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Lay judges tend to impose tougher sentences than professional judges on defendants who have committed sex crimes or inflicted injuries resulting in death, a comparative study of court rulings before and after the 2009 introduction of citizen judge panels showed Saturday.

Regardless of the nature of the crime, lay judges also handed down more suspended sentences than professional judges, while fewer appeals have been filed against their decisions, the research shows.

The study is based on data compiled by the Supreme Court covering lay judge rulings on 1,646 defendants who were found guilty up to the end of last year, and rulings by professional judges on 2,146 defendants in 2008.

“We still cannot find patterns in sentencing that characterize lay judge trials,” said Takayuki Aoki, a former judge and professor of criminal law at Surugadai University’s law school.

Aoki said he believes that overall, citizen judges have maintained a balance regarding precedents, while trying to reach the best decisions in individual cases.

The lay judge system started in May 2009, introducing panels of six citizens and three professional judges to deliberate on such serious crimes as murder, robbery resulting in death, and inflicting injuries or reckless driving resulting in death.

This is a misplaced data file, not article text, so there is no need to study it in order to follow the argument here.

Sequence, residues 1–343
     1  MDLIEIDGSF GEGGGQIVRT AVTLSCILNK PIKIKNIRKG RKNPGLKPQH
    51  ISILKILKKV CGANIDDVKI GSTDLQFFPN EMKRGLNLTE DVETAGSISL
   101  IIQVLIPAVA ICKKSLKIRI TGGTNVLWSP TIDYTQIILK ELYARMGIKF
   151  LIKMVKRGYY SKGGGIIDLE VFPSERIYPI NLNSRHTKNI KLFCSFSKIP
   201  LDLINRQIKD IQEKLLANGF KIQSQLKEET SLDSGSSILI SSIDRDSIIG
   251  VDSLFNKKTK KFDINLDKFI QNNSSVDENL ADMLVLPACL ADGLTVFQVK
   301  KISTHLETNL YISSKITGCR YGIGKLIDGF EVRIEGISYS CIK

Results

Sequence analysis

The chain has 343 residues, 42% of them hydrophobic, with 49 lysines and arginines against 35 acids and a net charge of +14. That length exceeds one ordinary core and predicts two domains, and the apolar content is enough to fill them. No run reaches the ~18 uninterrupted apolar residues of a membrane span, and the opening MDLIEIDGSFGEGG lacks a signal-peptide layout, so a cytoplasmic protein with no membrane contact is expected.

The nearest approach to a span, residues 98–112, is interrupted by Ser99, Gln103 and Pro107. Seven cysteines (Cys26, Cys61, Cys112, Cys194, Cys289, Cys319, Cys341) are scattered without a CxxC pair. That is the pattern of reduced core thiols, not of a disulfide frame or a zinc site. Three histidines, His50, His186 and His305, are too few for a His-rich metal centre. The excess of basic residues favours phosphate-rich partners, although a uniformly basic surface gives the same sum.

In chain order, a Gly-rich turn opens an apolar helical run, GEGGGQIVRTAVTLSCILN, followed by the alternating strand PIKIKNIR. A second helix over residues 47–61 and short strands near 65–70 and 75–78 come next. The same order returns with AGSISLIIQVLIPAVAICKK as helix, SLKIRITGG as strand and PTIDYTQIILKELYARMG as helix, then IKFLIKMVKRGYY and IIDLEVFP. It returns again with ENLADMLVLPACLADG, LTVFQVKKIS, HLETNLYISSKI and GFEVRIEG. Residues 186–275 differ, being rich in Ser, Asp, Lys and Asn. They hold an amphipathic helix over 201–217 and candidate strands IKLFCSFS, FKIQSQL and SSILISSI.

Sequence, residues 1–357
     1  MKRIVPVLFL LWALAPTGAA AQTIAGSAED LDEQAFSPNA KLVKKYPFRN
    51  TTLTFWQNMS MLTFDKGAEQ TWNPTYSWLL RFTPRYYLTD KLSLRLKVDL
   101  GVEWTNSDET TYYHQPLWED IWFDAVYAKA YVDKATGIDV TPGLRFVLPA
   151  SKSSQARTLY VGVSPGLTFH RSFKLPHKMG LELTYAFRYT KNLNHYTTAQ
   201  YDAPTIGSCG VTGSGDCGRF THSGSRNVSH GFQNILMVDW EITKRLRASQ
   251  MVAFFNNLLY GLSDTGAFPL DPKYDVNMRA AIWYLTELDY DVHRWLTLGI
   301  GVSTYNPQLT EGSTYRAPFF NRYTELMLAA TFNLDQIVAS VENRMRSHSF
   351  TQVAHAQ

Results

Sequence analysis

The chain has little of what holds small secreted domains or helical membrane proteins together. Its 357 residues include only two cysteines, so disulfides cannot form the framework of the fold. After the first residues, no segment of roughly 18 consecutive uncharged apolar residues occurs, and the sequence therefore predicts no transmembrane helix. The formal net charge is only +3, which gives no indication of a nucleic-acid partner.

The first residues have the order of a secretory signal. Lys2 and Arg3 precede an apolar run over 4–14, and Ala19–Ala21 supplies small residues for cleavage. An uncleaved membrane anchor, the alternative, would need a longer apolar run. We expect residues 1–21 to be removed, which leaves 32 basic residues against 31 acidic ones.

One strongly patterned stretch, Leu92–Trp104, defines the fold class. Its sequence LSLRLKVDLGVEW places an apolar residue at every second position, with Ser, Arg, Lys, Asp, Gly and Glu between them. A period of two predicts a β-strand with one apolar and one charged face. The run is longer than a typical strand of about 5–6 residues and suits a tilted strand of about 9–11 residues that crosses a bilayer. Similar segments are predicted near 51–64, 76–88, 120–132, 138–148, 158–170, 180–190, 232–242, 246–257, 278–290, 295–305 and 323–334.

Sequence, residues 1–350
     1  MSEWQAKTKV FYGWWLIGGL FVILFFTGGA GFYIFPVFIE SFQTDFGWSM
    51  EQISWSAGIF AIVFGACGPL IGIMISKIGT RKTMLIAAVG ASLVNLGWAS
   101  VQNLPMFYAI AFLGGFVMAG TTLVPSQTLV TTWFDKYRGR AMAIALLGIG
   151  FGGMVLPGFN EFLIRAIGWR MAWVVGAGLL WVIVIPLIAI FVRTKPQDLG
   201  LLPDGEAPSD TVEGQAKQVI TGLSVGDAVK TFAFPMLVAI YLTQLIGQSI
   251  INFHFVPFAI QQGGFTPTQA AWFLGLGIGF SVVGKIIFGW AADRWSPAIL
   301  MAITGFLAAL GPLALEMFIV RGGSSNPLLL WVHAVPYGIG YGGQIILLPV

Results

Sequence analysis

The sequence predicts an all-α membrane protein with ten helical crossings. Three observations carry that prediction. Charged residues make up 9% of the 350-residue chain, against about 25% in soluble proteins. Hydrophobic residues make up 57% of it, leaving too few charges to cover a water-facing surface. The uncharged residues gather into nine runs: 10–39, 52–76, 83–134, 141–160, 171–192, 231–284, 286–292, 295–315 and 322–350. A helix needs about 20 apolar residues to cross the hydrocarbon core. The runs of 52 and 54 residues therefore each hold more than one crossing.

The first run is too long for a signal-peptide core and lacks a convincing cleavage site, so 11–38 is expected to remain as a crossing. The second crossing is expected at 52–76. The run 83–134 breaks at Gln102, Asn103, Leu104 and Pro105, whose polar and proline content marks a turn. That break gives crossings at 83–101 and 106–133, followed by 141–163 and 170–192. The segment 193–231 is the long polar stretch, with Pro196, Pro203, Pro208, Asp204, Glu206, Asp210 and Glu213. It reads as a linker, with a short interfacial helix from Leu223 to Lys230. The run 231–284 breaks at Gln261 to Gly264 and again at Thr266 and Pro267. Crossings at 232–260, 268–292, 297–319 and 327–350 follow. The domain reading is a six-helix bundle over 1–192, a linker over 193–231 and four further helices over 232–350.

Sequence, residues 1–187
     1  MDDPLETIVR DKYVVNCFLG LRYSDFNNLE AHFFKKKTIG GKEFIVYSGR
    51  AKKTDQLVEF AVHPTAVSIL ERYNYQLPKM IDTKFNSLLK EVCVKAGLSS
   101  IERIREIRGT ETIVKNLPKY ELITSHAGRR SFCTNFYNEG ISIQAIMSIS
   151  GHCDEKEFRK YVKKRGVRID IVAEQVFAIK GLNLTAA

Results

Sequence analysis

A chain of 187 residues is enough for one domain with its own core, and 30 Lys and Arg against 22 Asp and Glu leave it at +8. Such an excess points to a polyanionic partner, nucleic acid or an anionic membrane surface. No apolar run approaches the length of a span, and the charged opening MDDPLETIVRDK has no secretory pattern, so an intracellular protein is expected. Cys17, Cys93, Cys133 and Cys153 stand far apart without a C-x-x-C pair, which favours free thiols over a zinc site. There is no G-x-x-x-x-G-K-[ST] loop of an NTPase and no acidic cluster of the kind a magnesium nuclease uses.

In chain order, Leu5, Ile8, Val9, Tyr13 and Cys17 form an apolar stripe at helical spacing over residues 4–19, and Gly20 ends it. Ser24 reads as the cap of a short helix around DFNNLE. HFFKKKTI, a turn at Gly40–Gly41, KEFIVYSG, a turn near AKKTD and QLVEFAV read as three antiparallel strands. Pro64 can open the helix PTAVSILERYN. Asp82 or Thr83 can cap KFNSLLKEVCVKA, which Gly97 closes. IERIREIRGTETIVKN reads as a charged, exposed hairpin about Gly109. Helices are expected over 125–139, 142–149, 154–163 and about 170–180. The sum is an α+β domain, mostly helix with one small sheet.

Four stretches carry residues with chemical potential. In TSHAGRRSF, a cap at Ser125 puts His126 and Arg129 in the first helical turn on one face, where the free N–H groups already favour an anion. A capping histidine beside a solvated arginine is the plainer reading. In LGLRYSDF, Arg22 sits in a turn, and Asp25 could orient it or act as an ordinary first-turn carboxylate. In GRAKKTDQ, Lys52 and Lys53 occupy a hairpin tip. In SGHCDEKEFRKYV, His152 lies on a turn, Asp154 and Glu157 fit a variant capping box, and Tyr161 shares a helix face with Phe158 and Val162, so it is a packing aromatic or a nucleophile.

By the end of last year, 9,511 citizens had served on the bench in 1,561 cases, in which 1,646 people were convicted and two acquitted. In addition, 3,413 people were put on standby as replacements for lay judges, for instance in the event of illness, raising the total number of citizens involved in the new system to nearly 13,000.

The study also shows that in cases of suspended sentences, citizen judge panels more often attached supervised probation as a condition, apparently an indication of their belief in the defendant’s potential to be rehabilitated.

Among specific charges, the research shows longer jail terms were given by citizen judge panels than professional judges in trials for rape resulting in death or injury.

Panels of professional judges tried 158 defendants on the charge, of whom 64, the largest number, were given sentences of between three and five years in prison.

In contrast, of the 89 defendants tried by citizen judges on similar charges, 28 were given terms of five to seven years, followed by 27 who were sentenced to between seven and 10 years in jail.

On the charge of indecent assault resulting in death or injury, the largest number of defendants tried by professional judges, 33, received sentences of up to three years, whereas citizen judge panels sentenced 20 defendants, the largest number, to between three and five years.

Regarding sex crimes, citizen judge panels issued a series of rulings indicating that sentencing before the lay judge system’s introduction was too lenient, given the pain inflicted on the victims.

Citizen judges were also tougher on the charge of inflicting injuries resulting in death.

Professional judges handed down sentences of between three and five years to 83 of the 196 defendants who stood trial before them, followed by 41 who were sentenced to five to seven years in prison.

But in lay judge trials involving 122 defendants, 36 received sentences of between five and seven years, followed by 31 who were given prison terms of seven to 10 years.

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